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Guest Post: A Refresher Course on Grammar and Spelling

Posted by Ilise Benun on

Aileen Robbins of The Dunn Robbins Group very kindly pointed out a typo (it’s been that kind of month) in a recent newsletter. That led to a discussion about usage and—well, Aileen can take it from here, with her three main pet peeves when it comes to usage: mis-spelled/misused words; mispronounced words; and misplaced quotation marks.

Category I: Mis-spelled / misused words

In the first category, considering we all have access to spell check, everyone has the chance to correct even a quick e-mail before it is sent hurtling through space. Which means that most of the errors in this modern computer age fall into the homonym category, or sometimes words which spell check doesn’t catch, because the incorrectly spelled word does indeed exist in its dictionary. Here are a few offenders:

   1. It’s (contraction of it IS, a subject and a verb) vs. its (the
      possessive)
   2. too (also) vs. to (direction towards) vs. two (number)
   3. you’re (contraction of subject & verb) vs. your (possessive )
   4. they’re (contraction) vs. their (possessive) vs. there (location)
   5. principal (head of a school) vs. principle (tenet)
   6. irregardless (wildly redundant with both the "ir" and the
      "less") vs. regardless
   7. and complementary vs. complimentary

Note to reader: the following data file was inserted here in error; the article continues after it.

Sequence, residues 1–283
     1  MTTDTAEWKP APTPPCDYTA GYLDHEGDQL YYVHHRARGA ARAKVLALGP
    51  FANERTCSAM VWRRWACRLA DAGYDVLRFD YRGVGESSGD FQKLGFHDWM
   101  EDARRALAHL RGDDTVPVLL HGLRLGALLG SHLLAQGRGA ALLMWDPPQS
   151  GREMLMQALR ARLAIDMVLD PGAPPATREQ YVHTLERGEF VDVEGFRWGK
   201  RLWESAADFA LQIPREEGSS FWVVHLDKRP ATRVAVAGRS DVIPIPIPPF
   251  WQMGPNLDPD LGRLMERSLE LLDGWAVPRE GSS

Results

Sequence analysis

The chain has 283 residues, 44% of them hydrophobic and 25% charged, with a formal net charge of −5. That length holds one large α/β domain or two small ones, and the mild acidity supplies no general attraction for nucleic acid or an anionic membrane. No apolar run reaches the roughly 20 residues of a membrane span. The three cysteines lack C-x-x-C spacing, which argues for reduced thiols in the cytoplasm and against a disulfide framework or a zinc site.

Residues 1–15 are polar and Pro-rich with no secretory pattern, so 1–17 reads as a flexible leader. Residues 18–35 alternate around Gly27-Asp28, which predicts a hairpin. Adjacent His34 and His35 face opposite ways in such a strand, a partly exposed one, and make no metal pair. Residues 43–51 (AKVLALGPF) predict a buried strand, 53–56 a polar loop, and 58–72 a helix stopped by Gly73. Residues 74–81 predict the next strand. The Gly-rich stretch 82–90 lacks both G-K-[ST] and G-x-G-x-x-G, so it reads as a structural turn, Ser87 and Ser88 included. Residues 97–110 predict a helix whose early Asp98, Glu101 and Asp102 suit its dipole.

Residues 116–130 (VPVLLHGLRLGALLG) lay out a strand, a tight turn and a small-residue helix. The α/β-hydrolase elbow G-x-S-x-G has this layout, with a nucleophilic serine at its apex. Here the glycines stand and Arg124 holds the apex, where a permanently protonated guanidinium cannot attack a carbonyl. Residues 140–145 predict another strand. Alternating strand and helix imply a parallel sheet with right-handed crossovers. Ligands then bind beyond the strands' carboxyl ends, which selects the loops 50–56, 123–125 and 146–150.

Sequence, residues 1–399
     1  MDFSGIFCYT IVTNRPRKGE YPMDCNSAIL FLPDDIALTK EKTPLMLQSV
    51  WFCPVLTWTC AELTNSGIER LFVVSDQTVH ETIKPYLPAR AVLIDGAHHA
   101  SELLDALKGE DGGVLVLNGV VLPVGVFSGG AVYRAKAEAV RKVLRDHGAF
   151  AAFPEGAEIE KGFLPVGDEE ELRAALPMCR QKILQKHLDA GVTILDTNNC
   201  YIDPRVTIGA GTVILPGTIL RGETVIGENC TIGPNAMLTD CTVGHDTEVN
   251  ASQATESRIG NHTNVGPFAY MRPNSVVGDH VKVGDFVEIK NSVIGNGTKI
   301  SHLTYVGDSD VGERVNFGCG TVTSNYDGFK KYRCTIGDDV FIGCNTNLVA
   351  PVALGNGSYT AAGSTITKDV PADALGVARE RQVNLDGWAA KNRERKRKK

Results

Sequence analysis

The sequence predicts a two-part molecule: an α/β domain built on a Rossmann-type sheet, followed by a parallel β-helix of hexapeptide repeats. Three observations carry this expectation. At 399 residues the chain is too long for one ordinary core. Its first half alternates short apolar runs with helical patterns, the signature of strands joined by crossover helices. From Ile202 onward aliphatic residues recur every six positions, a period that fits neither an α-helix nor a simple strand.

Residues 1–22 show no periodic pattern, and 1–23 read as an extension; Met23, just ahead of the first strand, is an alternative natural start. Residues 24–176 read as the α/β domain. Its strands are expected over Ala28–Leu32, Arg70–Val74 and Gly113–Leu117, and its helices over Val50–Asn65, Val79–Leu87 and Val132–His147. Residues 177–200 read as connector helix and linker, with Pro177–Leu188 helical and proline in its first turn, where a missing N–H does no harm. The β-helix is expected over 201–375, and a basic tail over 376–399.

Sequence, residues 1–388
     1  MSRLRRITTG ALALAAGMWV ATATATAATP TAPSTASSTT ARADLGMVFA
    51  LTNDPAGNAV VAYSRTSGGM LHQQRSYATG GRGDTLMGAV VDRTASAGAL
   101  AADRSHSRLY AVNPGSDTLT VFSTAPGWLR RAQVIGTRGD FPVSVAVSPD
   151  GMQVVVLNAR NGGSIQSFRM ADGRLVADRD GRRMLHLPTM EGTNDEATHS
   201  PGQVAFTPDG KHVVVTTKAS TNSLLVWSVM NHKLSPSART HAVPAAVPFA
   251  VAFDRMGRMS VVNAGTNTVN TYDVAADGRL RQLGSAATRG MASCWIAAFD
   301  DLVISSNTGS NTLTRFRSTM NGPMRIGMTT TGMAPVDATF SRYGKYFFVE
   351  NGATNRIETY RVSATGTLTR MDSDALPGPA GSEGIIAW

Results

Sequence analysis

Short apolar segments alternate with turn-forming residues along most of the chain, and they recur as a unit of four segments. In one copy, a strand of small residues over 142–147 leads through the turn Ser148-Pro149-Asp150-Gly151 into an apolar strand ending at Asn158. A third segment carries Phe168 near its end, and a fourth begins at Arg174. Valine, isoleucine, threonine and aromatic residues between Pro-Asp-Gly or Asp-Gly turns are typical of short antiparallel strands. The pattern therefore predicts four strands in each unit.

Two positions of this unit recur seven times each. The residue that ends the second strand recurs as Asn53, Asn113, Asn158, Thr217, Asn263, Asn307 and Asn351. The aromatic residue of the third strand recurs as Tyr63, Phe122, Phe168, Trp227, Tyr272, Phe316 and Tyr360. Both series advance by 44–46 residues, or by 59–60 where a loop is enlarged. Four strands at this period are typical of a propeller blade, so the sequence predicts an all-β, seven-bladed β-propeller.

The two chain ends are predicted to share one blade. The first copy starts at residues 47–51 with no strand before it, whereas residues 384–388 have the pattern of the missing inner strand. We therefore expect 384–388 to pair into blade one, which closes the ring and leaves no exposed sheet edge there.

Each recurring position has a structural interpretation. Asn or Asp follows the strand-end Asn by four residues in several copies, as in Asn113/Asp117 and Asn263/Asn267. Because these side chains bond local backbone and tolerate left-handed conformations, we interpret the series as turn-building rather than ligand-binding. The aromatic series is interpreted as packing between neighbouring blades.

Category II: Mispronounced Words

These words are not only mis-spelled, but also egregiously mispronounced so often, in fact, that people think you’re pompous or affected if you pronounce them correctly. "X" substituting for "s"
drives me particularly nuts.

   1. espresso (not eXpresso)
   2. aficionado (not afiXanado)
   3. ask (not axe)
   4. nuclear (not nucular)
   5. sherbet (not sherbert)
   6. library (not li-berry)
   7. restaurateur (not restauraNteur: the "n" disappears when it
      refers to the person, not the place)
   8. across (not acrosst)
   9. idea (not idear)
  10. drawer (not draw)

Category III: Misused quotation marks

People who use "quotation marks" for no apparent reason, e.g.: "Out for lunch" or Out for "lunch."

Aileen was worried about going overboard; I think there are probably (not "probly") many more we can name. As she remarked in one email, we would all be well-advised to review Strunk & White on a regular basis.

What are your favorite—or should I say, least favorite—pet peeves?

UPDATE: One of our readers, Brook Ashley of Santa Barbara, CA, sent in these peeves:

Two things that cause me to erupt in hives are:

Reading, "He hung himself," rather than the correct "hanged." An exception can be made for rural Appalachia, where "He done hung himself," is still acceptable.

Hearing, "I’m going to lay out." This is endemic in Southern California, where I now live. I want to scream, "Lay out WHAT, honey?"

The post Guest Post: A Refresher Course on Grammar and Spelling appeared first on The Marketing Mix.


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